Our culture is inundated with the lie that there is no difference between male and female. Everything is rapidly becoming gender-neutral. Actually it is more than being gender-neutral; plain and simple our culture is striving to become genderless. And one of the best ways to become genderless is to remove the very trait that has the courage to fight against it, masculinity. Boys are expected to act like girls at school, and when they don’t they get medicine shoved down their throats until they do. Homosexuality is glorified through media, academia, and legislation while any voice of resistance is slandered as hatred, intolerant, backwards and stupid. Feminism has practically stated that their goal is the eradication of masculinity. I could go on but the reality of our culture’s genderless agenda is all around us.

The Lack of Masculinity
On top of the bombardment of masculinity through genderlessness, it is also important for leaders to note the lack of masculinity in our society. Not only is fatherlessness a major problem in our society, but it isn’t even a stretch of the imagination to think how a child can grow up and never have any meaningful connection with a man. It’s easy to picture a child raised only by his mother, who goes to school taught by only female teachers, and perhaps gets a job where the boss is a woman. What’s wrong with that picture isn’t the amount of feminine influence; it is the lack of masculine influence, and that’s the ever increasing direction of our society. The lack of masculinity only fuels the fire for the war against masculinity.

What's the Big Deal?
So what does our society see differently when they go to church? I’m afraid in many cases they see only a mirror of the same effeminate culture. There is a time and a place to discuss the lack of masculinity in the church as a whole, and many helpful books and articles have been written to address this problem but I have never found one which focuses on worship leaders in particular. Though in snippets it has been discussed elsewhere perhaps I might be allowed a bit more liberty since I am a worship leader (and I have long hair too…).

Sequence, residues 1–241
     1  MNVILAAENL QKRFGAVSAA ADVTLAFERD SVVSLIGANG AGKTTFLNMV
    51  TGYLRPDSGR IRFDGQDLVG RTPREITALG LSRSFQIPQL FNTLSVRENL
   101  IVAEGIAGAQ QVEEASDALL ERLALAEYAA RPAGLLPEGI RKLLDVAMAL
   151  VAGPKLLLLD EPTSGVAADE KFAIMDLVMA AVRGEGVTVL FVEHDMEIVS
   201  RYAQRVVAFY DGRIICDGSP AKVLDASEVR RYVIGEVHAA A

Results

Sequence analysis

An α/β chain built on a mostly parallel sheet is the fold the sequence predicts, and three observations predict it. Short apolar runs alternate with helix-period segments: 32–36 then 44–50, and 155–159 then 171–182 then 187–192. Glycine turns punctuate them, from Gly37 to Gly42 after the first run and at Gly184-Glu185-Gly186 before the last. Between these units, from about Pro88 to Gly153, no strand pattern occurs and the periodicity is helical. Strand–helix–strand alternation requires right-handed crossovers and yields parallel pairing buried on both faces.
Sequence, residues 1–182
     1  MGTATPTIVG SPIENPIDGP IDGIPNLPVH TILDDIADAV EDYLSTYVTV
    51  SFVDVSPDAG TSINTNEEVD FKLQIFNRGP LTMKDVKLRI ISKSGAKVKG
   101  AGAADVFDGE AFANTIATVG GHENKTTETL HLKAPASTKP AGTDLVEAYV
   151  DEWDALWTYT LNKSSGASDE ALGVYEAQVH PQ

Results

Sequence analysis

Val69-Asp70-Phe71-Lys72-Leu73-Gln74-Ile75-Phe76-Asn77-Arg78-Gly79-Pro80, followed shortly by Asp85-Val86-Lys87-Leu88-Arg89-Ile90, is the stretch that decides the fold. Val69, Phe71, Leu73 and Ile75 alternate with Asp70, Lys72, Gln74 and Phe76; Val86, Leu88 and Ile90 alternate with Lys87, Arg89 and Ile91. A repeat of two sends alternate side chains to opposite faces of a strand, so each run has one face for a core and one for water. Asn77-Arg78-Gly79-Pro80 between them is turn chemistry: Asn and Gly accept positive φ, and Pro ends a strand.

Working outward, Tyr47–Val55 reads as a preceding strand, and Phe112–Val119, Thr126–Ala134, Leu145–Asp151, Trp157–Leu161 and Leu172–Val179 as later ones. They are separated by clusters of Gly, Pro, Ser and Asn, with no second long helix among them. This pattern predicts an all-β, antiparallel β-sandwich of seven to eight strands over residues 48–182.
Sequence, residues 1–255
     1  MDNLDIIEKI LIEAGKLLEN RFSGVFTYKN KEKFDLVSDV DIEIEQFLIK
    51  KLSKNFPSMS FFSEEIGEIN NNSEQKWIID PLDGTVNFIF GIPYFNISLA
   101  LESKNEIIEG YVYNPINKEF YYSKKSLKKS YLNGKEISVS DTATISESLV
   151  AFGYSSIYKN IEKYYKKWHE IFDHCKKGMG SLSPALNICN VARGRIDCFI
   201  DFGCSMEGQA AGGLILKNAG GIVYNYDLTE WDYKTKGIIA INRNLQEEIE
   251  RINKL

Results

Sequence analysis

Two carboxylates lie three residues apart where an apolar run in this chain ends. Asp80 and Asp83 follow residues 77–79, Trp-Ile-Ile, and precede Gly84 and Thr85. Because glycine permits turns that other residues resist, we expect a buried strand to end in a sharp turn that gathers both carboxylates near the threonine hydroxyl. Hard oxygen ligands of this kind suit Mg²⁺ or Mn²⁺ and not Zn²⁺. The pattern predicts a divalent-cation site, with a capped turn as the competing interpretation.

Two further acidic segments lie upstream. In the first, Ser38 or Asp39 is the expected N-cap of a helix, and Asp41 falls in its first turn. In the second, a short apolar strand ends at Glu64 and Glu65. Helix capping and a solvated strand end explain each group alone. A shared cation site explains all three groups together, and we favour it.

I don’t know if I can put my finger on the exact reason why there are so many effeminate worship leaders. No doubt our society has played a part in producing men who think it’s cool or hip to be womanly, especially when it involves music. It is not uncommon for male musicians to wear eyeliner or paint their fingernails. People think of artists as having strictly feminine characteristics. They are viewed as sensitive, emotional, moody, frail, weak, and soft. In fact, this argument has been presented to me as an excuse for an effeminate worship leader. “Oh, I wouldn’t worry about it, that’s just how artists are.” Perhaps that’s how artists are expected to act in the world, but not in the church. However, if your worship leader is simply an artist and nothing more then, effeminate qualities aside, you need a new worship leader.

But should effeminacy in worship leadership really be addressed as a problem? Is it more than a pet peeve? Does it actually covey something to those who are being led? The answer to all is yes. If effeminate leadership reinforces a culture which opposes the gospel, then it is more than a pet peeve, it is a problem.